All of the above restrict personal freedom. But most of us have conceded to some or many or all of these requirements. Convenience? Security? Protection? Necessity? Voluntary? Mandatory? We as citizens have come to appreciate there is a trade-off, the loss of individual freedom, for the benefits each of these invasions of privacy accrue.
To the point: Horses.
I brand mine. Take their picture. Keep the bill of sale and American Quarter Horse Association registration. Would I have an interest in a microchip implant that contained a GPS locator? Maybe, particularly if I pulled my horse to a lot of rodeos or horse shows. But would I like the government to pass a law that mandated a GPS locator in each of my horses? Say I was given a big brown stallion named Rattler who has a gait like a washboard road and a head like an oil pump. Say he was a gift from Uncle Jake. Say I traded him off and didn’t want Uncle Jake to know where ol’ Rattler went.
Or what if you were a new bride and wanted to go on a horseback honeymoon and would prefer your in-laws didn’t know where you went? Or what if I was a horse thief? I’d have no way to make a living! The USDA National Animal I.D. System (NAIS), as part of its ongoing efforts to safeguard U.S. animal health, has initiated a program that involves premises I.D., individual animal I.D. and animal tracking. The possibility of worldwide zoonosis (diseases passed between humans and animals) such as B.S.E., Brucellosis, T.B. and Avian Flu has risen considerably as global transportation increases.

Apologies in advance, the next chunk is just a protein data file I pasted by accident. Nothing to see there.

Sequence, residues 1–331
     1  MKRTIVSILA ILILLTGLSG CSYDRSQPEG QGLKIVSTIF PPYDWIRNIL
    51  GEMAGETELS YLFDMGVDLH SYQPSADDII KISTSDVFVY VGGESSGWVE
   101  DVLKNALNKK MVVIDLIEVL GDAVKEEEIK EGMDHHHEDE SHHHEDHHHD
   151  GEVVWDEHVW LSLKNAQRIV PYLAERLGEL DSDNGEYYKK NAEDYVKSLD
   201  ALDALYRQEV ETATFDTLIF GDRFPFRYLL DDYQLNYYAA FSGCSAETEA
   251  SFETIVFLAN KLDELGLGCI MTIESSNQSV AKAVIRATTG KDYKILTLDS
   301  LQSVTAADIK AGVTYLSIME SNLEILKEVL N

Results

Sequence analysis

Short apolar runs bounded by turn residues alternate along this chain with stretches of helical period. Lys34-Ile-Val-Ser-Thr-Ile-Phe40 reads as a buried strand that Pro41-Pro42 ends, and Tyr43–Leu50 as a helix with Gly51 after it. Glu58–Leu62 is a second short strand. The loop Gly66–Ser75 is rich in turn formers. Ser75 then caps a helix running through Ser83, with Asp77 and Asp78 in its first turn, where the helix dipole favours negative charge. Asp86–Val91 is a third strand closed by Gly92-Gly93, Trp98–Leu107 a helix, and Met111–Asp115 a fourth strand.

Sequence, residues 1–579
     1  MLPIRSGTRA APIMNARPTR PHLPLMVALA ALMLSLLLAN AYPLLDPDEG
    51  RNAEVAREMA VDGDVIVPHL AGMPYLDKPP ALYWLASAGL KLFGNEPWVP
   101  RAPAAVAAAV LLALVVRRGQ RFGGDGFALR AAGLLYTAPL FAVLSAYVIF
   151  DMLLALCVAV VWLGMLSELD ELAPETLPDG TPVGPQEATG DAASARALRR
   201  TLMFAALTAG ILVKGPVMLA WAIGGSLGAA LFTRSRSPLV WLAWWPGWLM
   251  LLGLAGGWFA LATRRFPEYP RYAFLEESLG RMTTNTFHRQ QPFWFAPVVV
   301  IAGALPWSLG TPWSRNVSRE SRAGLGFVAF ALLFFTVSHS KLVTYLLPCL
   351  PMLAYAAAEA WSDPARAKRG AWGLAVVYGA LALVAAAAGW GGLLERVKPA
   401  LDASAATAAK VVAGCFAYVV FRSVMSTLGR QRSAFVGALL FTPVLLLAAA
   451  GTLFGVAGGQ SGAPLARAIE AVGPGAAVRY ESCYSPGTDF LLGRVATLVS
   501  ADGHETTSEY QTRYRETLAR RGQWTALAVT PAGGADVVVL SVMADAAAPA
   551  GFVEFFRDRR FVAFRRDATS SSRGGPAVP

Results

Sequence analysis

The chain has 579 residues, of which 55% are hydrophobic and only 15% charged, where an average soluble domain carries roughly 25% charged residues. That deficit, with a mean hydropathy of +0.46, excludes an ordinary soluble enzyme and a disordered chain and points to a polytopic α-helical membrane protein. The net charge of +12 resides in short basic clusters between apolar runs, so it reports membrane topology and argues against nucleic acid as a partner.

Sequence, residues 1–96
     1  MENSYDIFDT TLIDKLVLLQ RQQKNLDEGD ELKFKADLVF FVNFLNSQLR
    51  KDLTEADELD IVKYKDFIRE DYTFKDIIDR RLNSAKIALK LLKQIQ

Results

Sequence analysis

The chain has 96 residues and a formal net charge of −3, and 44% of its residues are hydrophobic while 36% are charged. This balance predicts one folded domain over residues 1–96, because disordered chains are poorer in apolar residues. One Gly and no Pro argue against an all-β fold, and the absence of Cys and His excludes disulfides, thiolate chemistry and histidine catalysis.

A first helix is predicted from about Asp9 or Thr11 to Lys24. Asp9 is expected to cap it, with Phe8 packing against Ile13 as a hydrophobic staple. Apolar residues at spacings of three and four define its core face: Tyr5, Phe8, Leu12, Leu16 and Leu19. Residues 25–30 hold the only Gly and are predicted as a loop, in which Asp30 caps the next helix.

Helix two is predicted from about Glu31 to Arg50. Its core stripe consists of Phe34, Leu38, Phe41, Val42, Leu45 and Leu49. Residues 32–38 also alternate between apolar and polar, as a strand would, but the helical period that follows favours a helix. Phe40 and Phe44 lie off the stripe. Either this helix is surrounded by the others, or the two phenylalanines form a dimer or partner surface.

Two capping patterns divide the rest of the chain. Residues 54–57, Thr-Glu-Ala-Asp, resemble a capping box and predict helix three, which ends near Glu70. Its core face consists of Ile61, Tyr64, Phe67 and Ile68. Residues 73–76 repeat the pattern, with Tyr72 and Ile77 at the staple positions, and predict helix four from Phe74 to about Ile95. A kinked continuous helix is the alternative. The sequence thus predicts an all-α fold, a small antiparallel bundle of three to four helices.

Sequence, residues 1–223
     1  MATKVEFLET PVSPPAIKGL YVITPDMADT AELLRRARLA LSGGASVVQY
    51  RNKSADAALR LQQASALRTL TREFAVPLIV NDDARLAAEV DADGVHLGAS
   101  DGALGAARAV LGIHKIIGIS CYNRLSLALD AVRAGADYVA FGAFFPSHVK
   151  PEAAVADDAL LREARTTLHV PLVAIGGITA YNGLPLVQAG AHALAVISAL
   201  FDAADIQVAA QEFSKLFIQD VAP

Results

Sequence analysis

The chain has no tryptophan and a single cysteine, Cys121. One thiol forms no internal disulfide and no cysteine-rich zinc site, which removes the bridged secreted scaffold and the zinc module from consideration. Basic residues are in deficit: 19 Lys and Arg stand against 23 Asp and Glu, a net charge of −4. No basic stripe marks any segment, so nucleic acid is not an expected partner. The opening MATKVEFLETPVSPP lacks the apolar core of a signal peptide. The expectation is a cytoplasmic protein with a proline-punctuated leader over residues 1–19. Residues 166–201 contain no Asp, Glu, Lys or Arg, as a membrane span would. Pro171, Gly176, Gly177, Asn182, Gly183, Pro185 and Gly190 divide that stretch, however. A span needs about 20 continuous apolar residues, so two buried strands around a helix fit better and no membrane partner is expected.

At the present time registration in the NAIS program is voluntary, although the plan references mandatory requirements in the future. Most cattle people seem to be reluctantly conceding that the individual cattle I.D. system, GPS locator or not, is inevitable and good for business.
However, the horse owners are going to be harder to convince that a GPS locator to permit animal tracking should be mandatory. As Darlene put it, to have someone capable of tracking your whereabouts anytime you go for a ride on your horse is offensive. After all, she says, one of the reasons people love to ride horses is the feeling of freedom.
True enough, but apparently she hasn’t ridden ol’ Rattler.